The recent showers and the pleasant mornings that follow, drew me out of my cocooned study, as I put on my walking shoes and set out on an aimless stroll. Google Maps show four lakes a stone’s throw away from my apartment. (The water tanker perpetually parked in front of the small building can often be misleading.)
My feet carried me to the Kasavanahalli Lake, situated by the Haralur Road, off Sarjapura Road. I cursed my decision to venture out after seeing the disheartening sight. The dirty, stagnant waters of the lake are surrounded on all sides by monstrous under-construction buildings. The green cover around the lake, including ecologically sensitive wetlands, has been sinking rapidly. Huge piles of construction debris had been abandoned on the sides of the lake. The gushing sewage water into the lake makes it a perfect breeding ground for diseases.
The sight was accompanied by the sounds of jarring construction noises and the nauseating stench of rotting waste.
While I busied myself clicking photographs of the lake, I saw a group of about 10 enthusiastic youngsters with spades in hand, planting saplings and trying to fight back. While their effort may seem too small to undo the massive losses this lake has suffered, it also raised some hope in me.
This, like many other lakes in Bengaluru, is on the brink of sure death. It might sound a little surprising to many, but Bengaluru was once home to 2,000 lakes. Today, only 60 of them remain.
Once lush green with old trees and gardens, Bengaluru is now fighting a losing battle. While the city has made an economic leap over the past two-and-a-half decades, the ecological fallout is of probably much greater proportions.
Waste management too has been a perpetual problem in Bengaluru. It went beyond proportions and made it big in the media when in July 2012, BBMP was left with no options to dump the 3000 to 4000 tons of waste the city produced every day. The move followed when the Karnataka State Pollution Control Board closed the Mavillipura landfill citing environmental and public health hazards.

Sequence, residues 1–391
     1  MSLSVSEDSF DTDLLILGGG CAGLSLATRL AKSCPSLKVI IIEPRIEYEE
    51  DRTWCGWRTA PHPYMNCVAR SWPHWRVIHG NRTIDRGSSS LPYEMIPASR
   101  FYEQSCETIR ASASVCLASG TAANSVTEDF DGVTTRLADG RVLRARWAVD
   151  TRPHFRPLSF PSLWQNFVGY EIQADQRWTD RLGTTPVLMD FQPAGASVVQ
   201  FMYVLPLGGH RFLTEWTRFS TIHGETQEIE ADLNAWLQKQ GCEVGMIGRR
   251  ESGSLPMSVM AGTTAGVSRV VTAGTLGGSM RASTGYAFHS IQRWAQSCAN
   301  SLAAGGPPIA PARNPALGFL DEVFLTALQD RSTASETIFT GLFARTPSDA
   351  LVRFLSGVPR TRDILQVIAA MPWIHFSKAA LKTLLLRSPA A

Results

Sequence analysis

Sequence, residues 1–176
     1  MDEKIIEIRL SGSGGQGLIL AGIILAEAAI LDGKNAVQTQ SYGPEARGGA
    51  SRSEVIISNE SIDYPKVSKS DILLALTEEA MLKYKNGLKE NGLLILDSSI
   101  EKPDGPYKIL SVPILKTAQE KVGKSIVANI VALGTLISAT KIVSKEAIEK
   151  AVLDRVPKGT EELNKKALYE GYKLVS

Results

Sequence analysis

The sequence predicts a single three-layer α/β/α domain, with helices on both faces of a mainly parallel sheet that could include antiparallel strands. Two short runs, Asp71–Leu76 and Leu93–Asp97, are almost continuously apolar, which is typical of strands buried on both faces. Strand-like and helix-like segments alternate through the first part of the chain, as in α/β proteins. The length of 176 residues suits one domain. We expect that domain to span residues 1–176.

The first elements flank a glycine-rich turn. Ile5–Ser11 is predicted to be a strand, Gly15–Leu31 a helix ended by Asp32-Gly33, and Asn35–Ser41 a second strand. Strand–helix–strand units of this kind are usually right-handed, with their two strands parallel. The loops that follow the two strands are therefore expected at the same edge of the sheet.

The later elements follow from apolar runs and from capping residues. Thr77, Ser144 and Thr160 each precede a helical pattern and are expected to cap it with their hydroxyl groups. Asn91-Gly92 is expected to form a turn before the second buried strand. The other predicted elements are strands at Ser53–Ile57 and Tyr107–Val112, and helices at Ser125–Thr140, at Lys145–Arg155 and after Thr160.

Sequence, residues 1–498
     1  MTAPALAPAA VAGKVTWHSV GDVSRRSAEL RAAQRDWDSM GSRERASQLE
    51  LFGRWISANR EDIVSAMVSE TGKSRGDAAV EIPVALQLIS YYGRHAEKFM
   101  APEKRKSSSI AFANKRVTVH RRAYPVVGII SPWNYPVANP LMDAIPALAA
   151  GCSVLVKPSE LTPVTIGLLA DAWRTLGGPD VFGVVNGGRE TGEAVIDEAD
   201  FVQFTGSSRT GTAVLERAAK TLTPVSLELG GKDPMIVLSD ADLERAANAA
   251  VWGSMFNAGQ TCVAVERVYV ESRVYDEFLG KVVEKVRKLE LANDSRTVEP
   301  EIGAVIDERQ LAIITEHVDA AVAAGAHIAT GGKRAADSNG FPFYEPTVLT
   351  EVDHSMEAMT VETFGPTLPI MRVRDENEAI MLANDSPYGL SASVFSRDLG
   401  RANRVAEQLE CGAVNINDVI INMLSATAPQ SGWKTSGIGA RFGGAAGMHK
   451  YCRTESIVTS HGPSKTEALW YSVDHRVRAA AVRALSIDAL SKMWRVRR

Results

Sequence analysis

And how can we forget the Mandur landfill crisis when villagers living near the garbage dump yards of Mandur complained that their water was not potable, vegetables were not edible, houses were not livable, and the air not breathable.
The villagers had to fight for long before Bangaloreans even took heed of the situation and acknowledged the cost that human lives have to pay to maintain their pompous show. “Annadhathanige kasa daana beda (don’t feed garbage to the one who gives you rice),” read one of the protest placards.
While the recent ban on plastic bags is a welcome move, the BBMP failed several times before it could make waste segregation a reality, which even today remains unimplemented in several areas, including my own street. And as a recent Bangalore Mirror report suggests, the city is sitting on another time bomb made of its own garbage, waiting to explode.
The state of lakes and waste management are merely two chapters in Bengaluru’s tragic tale.
Pick any other factor that makes a city sustainable – air pollution level, groundwater level, green cover, traffic management, levels of sanitation, equality of income, and level of crime – the parameters that measure these factors are all alarming and only becoming worse.
All these indicate how inconsiderate we have become towards our own habitat and surroundings. As a favourite wildlife filmmaker Mike Pandey recently told us in an interview, “We call the nature our mother. Is this how we treat our mother?”
Such is the level to which our city has been exploited that Prof T V Ramachandra’s recently published report suggests that Bengaluru will become a dead city in 5 years. The scientist who till date preferred minding his own business working tirelessly with the Energy and Wetlands Research Group in Indian Institute of Science (IISC) was forced to come out and raise an alarm because we – all of us — have reached a do or die situation.
Bengaluru is a classic example of how urbanisation can fail. Although many of us can blame the migrant influx for the situation the city finds itself in, suggests that migration of a working class into a city generally helps it in many ways. While the labour class helps build and run a city, the middle class of the working sector pay taxes and help a city prosper. If there is anything the city has to blame, it is bad governance and apathetic citizenry. And in my opinion, it is not the time to blame, but act!
Mahatma Gandhi had said, “Be the change that you wish to see in the world.” We at SocialStory are running a month-long campaign to bring out the issues with the city and help conduct discussions and debates on the subject out in the open.
Over the next month, we will write about the problem, but also tell tales and share perspectives of those who have solutions to offer. We will do our fair share of investigative journalism, but expect you to share your bit as well.
Bring out those mobile phones and laptops and share with us the problems you see and start participating with those who are working for change. Because when citizens wake up, governments automatically do.